LOS ANGELES (CNS) – The Los Angeles City Council voted unanimously today
to ban the use of “bullhooks” and other types of goads and prods employed
in wrangling elephants in circuses and other shows.
Councilman Mitch O’Farrell previously called the use of bullhooks
“cruel and inhumane.” Celebrities such as actress Kristen Bell, comedian
Sarah Silverman and singer Ke$ha were among those who supported the ban.
The ordinance, which was approved without discussion, will take effect
in January 2017. It makes it illegal in the city to use bullhooks, baseball
bats, ax handles, pitchforks and other similar tools to cause pain in
elephants. The goads — or instruments made to look like bullhooks — also
cannot be shown or brandished “for the purpose of training or controlling the
behavior of the elephant.”
Ringling Bros. and Barnum & Bailey spokesman Stephen Payne called the
ban “completely unnecessary and unfair” and said animal-rights advocates have
little understanding of how to handle “an 8,000 pound Asian elephant.”
Circuses must also adhere to strict laws against animal abuse and
subject themselves to inspections by the state and the city, according to a
statement issued by Ringling Bros. in October, when the council voted to begin
the process of banning the bullhooks.
When the ban goes into effect, it will “effectively prevent Ringling
Bros. from bringing the circus to Staples Center,” Payne said.
“Our elephants are the number-one reason people come to see the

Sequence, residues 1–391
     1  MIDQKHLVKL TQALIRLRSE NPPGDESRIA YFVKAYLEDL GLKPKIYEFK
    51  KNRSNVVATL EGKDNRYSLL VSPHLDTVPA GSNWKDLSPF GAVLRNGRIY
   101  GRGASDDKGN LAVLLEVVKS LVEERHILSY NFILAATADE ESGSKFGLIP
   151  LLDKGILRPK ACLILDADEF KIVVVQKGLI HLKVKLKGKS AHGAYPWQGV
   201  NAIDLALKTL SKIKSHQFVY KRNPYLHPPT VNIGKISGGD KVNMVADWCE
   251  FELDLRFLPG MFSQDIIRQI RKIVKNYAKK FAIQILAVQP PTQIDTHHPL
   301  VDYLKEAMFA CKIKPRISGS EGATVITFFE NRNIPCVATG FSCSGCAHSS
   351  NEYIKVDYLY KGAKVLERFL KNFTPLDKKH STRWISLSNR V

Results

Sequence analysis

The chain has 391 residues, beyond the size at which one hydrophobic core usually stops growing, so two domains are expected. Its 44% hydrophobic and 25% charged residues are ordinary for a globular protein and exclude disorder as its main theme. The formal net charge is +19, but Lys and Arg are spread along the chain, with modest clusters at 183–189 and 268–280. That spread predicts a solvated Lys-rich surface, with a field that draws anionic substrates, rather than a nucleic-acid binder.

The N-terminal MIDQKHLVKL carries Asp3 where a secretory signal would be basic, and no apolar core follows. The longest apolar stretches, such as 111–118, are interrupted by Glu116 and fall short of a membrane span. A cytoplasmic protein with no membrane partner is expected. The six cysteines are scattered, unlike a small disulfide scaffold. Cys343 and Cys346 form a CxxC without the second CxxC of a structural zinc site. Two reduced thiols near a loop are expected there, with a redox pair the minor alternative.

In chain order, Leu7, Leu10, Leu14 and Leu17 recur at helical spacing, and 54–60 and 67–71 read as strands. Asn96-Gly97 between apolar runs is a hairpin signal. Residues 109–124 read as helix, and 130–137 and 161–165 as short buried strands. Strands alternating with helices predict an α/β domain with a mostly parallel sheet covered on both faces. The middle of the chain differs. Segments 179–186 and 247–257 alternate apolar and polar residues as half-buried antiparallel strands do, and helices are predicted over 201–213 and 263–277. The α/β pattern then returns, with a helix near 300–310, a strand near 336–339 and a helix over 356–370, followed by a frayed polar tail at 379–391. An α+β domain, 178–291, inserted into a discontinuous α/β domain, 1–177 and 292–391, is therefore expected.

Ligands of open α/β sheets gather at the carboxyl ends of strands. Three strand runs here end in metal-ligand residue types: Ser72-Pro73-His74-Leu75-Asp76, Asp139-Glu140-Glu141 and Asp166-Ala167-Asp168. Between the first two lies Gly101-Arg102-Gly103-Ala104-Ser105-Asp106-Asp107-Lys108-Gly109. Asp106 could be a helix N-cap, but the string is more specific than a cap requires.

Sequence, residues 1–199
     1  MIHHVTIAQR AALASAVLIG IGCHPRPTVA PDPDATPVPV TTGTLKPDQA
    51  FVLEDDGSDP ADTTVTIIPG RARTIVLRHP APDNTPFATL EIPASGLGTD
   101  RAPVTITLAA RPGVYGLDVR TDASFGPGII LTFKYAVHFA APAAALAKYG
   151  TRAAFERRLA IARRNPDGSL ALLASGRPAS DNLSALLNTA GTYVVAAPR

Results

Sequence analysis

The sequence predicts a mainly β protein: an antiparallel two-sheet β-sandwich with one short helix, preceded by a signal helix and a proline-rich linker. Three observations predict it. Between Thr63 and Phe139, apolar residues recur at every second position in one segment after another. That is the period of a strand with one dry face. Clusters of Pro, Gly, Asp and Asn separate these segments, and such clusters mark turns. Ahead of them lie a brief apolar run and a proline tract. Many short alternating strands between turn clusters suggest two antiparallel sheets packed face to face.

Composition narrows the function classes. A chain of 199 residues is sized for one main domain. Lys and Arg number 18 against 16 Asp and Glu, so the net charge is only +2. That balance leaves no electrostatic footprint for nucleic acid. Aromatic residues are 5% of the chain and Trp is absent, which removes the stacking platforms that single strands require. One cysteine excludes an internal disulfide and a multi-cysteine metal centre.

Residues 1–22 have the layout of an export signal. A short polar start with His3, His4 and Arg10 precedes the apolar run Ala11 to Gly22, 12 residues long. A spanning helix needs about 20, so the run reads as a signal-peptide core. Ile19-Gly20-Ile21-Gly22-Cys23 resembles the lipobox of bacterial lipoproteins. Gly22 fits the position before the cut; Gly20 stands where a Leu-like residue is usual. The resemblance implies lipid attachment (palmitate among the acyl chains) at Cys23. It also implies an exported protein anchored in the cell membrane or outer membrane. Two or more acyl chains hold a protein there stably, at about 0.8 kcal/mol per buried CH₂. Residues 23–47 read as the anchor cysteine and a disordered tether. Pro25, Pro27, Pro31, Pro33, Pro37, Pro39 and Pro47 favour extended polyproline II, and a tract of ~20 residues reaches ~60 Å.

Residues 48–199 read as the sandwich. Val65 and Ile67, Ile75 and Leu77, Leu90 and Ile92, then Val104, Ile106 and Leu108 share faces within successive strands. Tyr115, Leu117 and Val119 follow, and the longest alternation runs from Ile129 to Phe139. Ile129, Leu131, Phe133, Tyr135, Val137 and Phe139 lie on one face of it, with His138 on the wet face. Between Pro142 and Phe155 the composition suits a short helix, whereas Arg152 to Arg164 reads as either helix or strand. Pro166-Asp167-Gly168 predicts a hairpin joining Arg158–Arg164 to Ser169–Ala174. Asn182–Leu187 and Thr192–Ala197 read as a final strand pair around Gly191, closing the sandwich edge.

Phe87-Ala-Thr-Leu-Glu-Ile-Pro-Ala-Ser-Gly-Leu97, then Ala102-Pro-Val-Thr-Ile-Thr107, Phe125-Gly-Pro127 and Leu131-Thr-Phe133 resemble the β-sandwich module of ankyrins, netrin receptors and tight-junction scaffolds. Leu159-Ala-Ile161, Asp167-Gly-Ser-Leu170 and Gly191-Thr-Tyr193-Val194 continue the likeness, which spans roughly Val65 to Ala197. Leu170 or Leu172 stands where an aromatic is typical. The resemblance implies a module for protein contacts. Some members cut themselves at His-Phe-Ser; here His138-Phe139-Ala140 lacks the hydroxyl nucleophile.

`Greatest Show on Earth,”’ he said. “We’re not just going to drop them off
when we play Los Angeles.”
Payne said they would need to move their circus, which draws 100,000
attendees, to a venue outside the city limits, but hopes to come to a
“mutually acceptable compromise” with the city.
Ringling Bros. is booked at Staples Center until 2016, according to
City Councilman Paul Koretz, who proposed the ban, said he investigated
the issue with an “open mind,” but based on “compelling evidence” from
advocates of humane animal treatment, and after circus representatives failed
to meet with him, he decided the hooks needed to be banned.
“This is not a vote against circuses,” Koretz said. “The circus is
welcome in Los Angeles, just without bullhooks.”
Koretz said the sharp implements — which resemble walking canes with a
curved spike on one end — can cause injuries and “is only effective because
the elephant has been taught to associate it with pain and fear to repeated
poking and prodding to sensitive parts of the body — sometimes drawing
“Times are changing,” Koretz said. “We know so much more now about
elephants and their intelligence, sensitivity and emotional natures. We know
they suffer not only physically, but psychology.”
That is why the Los Angeles Zoo, elephant sanctuaries and
“progressive” zoos have stopped using the hooks, he said.